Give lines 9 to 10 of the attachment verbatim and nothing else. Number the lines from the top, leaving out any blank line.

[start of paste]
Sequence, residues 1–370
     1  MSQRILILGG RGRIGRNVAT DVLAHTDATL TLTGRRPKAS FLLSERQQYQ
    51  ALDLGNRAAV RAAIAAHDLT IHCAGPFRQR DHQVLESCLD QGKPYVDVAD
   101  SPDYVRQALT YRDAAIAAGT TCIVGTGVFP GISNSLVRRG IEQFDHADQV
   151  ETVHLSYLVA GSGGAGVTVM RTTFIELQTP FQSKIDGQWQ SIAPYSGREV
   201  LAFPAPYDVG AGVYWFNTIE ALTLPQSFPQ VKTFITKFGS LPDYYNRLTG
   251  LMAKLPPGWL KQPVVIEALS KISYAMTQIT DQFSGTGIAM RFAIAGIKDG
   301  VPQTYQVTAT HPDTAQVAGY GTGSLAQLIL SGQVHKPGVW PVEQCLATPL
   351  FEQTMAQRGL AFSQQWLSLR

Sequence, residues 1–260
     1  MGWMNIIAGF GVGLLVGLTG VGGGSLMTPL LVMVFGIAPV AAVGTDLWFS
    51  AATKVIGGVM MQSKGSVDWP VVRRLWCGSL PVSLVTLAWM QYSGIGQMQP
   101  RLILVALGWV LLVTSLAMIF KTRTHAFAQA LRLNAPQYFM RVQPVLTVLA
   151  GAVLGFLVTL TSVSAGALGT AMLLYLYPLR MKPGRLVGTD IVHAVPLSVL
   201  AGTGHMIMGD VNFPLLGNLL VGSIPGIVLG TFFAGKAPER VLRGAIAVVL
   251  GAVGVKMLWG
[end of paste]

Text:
   351  FEQTMAQRGL AFSQQWLSLR

Sequence, residues 1–260